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Sunday, September 26, 2010

Squash Pasta: An Autumn Delight

This is the time of year that our gardens and grocery stores are displaying a bounty of winter squash. Acorn. Butternut. Pumpkin. Spaghetti. And heirloom varieties of all kinds.

Our solution to this wealth of Cucurbita maxima from Central America used to be the tried and true Baked Squash with Butter and Maple Syrup. We got tired of it and, frankly, never like it THAT much. Last week we gave you a wonderful recipe for Pumpkin Soup.

Here's an idea that Tim's brother Ron picked up at a cooking class. It sounds weird, and looks a little boring. But it is very complex and works as either a vegetarian main dish or as a main if you add shredded poulty: Pasta with Squash Sauce.

Cut a large (3 lbs.) squash of any winter variety in half lengthwise, spoon out the seeds and bake cut side down in a 350-degree oven with a sprig of Thyme and a clove of garlic underneath and a drizzle of olive oil over the top. Test for doneness by spearing with a knife. It might take about 30-45 minutes depending upon the size and shape of the squash.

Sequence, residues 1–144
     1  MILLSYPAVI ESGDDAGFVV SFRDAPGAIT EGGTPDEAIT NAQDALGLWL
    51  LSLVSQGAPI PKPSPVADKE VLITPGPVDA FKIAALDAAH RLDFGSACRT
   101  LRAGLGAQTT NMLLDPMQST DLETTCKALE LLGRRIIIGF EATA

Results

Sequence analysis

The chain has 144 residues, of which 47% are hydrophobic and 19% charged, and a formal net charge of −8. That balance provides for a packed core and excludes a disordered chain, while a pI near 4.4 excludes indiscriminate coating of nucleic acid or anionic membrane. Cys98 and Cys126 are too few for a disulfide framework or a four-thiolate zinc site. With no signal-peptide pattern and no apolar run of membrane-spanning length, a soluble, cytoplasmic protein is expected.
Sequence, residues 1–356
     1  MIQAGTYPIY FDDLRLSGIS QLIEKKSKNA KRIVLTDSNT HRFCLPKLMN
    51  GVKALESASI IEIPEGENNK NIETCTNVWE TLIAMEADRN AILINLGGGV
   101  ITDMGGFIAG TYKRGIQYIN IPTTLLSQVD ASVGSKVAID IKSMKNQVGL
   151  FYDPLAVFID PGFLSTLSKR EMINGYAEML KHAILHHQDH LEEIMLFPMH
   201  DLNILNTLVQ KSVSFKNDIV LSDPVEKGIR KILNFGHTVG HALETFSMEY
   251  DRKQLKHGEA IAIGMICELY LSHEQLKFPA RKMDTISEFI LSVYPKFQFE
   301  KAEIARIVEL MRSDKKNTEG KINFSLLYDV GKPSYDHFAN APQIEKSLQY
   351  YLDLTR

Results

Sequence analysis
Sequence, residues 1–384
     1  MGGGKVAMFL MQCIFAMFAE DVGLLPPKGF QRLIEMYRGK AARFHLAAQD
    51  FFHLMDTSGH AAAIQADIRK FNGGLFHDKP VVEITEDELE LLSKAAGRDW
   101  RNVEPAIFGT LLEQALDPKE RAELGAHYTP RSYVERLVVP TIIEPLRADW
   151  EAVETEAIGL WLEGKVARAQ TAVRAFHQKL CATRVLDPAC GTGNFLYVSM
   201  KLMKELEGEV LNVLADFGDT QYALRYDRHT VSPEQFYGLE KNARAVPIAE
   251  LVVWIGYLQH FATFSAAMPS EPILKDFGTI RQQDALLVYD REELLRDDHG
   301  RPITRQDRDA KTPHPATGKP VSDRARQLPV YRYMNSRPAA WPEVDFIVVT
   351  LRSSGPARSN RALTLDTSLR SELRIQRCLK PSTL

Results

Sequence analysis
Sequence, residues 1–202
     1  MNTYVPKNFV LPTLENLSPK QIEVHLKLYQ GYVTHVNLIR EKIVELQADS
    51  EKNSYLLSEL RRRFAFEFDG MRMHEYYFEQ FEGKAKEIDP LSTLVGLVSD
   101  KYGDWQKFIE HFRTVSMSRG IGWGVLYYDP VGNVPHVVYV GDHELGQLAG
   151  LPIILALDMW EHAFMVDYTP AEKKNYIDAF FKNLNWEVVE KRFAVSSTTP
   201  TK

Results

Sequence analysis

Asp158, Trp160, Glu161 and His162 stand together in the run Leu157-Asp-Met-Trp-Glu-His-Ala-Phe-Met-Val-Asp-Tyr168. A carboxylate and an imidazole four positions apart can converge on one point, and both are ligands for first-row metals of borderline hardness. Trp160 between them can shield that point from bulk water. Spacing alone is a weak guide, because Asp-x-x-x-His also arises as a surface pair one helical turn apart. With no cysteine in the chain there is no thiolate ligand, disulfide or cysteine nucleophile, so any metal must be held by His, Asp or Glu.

Spoon the squash meat and the garlic cloves into a food processor (remove the thyme sprigs). Add 3/4 cup of vegetable stock (you could use chicken stock), 2 Tablespoons of cream, a teaspoon of curry powder, a teaspoon of fresh thyme leaves (1/3 teaspoon of dried) a half-teaspoon of dried pepper flakes and salt and pepper to taste. You don't need much pepper, but you should start with a teaspoon of salt, and you can adjust again later if it's not enough.

Meanwhile, cook 1 lb. pasta (we used linguini) in boiling water. Drain the pasta and immediately mix in the squash sauce. (Taste the sauce again for salt, curry and pepper flakes before mixing.) Top with shredded chicken, if you're inclined. Either way, garnish with some thyme leaves and sprigs and parmesan cheese.

Serve with more grated parmesan at the table.

The curry and faint hint of heat from the pepper flakes give the otherwise mono-tasting squash a depth and complexity that is very fulfilling.

This recipe would taste great with a crisp and un-oakey Chardonnay, but we served it with a Zinfandel from the Dry Creek Valley of Sonoma, which nicely complemented the spice in the dish.


  1. What a great autumn dish! Inspiring me to try this.

  2. These look so elegant and sound fabulous.Yum!